Children & Families

Her data reporting spurred major changes in Georgia to prevent child abandonment

In 2019, local Atlanta news outlets covered the arrest of a woman who had abandoned her 14-year-old son with Down’s syndrome at a local hospital. Homeless, with three other children, the young mother simply didn’t have the resources to meet her nonverbal child’s special needs. She hoped that the state would.

The mother was charged with child cruelty and her children placed in foster care. Coverage of the incident might have stopped there if not for Rebecca Lindstrom, an investigative reporter for the Atlanta NBC affiliate WXIA-TV, and her decision to participate in the 2020 Center for Health Journalism’s Data Fellowship.

As Lindstrom dug into the story, she found that it was far from an isolated incident. During her fellowship, Lindstrom spent months examining gaps in the state’s mental and behavioral health care system. Every year, she discovered, hundreds of parents give up custody of their children in exchange for the services they desperately need. 

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Her first challenge was to understand the scope of the problem. Lindstrom gathered five years of public records on children who came into the state’s care after various forms of abandonment. Through the one-on-one mentoring she received from University of Texas data journalism professor Christian McDonald, she organized, analyzed and fact-checked the data, and, with his help, identified something hidden in the records: Most of these children had been abandoned multiple times.

If not for the hands-on training, project funding, and expert advice from a mentor she received through the Center for Health Journalism, Lindstrom says she couldn’t have taken on the project. “Without the support and training from my fellowship, these stories would never have happened,” she said. The project “would have been dead in the water."

Her series of broadcasts, combining agonizing stories of struggling families with hard data and analysis, captured the attention of state legislative leaders. As they debated changes to Georgia’s mental health insurance requirements, Lindstrom’s coverage brought the policy discussion to life and gave voice to the families pushing for better access to mental health care.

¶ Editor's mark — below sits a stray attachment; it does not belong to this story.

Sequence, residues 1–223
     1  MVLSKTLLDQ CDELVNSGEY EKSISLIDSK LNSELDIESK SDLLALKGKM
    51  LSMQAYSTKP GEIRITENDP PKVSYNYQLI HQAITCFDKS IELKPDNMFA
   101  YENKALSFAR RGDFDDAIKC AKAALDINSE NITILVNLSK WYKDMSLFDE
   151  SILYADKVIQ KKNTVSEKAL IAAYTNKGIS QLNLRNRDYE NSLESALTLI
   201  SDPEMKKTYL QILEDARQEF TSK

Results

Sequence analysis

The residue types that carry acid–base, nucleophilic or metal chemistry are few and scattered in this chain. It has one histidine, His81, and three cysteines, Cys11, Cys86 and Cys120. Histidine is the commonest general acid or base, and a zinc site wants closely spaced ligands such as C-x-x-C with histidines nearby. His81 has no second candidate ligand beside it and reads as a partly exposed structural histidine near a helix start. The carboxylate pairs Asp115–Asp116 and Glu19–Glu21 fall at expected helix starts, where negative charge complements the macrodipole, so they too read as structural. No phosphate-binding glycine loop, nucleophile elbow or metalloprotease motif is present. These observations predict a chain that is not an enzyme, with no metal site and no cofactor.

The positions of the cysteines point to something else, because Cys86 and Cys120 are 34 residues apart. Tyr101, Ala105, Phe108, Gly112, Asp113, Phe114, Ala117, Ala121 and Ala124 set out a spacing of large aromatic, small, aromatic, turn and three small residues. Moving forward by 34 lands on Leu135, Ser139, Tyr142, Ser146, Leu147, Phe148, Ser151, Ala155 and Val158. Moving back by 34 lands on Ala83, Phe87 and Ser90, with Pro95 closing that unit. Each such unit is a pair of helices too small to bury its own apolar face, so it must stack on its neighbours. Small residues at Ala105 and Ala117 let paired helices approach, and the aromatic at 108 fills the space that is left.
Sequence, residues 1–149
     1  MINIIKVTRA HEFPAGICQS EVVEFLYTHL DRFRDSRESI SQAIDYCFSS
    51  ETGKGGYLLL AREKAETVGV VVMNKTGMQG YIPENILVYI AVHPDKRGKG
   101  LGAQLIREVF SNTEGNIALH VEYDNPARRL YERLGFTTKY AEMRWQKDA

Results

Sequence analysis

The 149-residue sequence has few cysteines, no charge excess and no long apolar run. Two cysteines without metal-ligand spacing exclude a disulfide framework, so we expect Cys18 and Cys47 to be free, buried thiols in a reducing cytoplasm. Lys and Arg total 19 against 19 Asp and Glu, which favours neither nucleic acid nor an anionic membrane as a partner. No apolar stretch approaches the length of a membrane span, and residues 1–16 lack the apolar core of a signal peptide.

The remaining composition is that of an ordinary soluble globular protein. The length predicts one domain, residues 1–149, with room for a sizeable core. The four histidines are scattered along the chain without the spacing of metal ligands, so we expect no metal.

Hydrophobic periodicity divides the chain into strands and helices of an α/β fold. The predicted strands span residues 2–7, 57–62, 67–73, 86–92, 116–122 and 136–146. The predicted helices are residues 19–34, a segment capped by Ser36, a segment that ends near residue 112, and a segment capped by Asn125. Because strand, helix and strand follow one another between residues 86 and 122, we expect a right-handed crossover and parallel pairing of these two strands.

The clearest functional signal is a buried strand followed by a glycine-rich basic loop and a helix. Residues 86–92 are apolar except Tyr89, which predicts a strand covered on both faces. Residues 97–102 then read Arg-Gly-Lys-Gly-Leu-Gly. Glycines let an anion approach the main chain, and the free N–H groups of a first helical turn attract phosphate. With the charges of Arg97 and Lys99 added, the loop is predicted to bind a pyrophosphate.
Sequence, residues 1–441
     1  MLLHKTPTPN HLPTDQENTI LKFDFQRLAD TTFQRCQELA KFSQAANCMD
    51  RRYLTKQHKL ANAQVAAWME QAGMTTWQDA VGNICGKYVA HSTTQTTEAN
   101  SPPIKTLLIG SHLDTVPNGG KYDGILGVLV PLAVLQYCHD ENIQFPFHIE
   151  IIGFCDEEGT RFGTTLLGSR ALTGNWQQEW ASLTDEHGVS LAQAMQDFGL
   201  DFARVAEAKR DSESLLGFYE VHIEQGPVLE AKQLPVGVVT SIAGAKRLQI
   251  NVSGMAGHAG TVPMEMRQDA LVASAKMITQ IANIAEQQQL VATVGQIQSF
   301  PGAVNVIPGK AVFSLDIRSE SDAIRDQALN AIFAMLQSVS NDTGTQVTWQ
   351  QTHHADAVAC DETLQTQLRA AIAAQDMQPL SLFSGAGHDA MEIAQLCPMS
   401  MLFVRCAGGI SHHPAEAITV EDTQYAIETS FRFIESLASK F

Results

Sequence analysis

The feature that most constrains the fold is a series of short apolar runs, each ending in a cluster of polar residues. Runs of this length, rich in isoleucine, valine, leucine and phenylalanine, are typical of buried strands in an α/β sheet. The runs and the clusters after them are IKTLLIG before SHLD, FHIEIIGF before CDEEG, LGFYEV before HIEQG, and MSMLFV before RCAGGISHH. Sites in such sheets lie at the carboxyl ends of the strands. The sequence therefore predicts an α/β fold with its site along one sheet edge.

Without the support and training from my fellowship, these stories would never have happened. The project would have been dead in the water. Rebecca Lindstrom, Fellow

In March 2022, the Georgia legislature passed sweeping legislation aimed at fixing the state’s mental health care system. The Mental Health Parity Act requires insurance companies to provide the same level of benefits for mental and behavioral health care as they do for physical illness, ensuring that patients can no longer be denied medically necessary treatment. Among other measures, the law establishes more teams of police paired with social workers to divert people into treatment instead of jail.

The new law and related legislation include additional investments of $250 million a year in a state that has ranked near the bottom nationally in access to mental health care. The funding will pay for programs to address the state’s shortage of mental health workers, increase law enforcement training on crisis intervention, and prevent youth from cycling in and out of treatment facilities.

Ultimately, the data was key to persuading legislators. “Lawmakers like to deal with facts and numbers,” she says. “They want to know that it’s more than one sob story, that there’s actually a trend that you can point to in the data.” 

“The timing was perfect,” Lindstrom says of her series. “It helped to educate the lawmakers who were going to have to vote on these issues. It empowered the families to have hope and advocate for themselves and for solutions.” 

Two years after her fellowship, the Center for Health Journalism’s “community of practice” continues to inspire and inform Lindstrom’s work. She connects regularly with other former fellows covering similar issues across the country, sharing information and resources. “We’re creating a network of people who care about these problems and we’re empowering each other to tell the stories that will make a difference,” she says.

Lindstrom’s work has received multiple awards, including two Emmys and an Edward R. Murrow Award. The series also received the 2023 DuPont-Columbia Award, broadcast journalism's highest honor.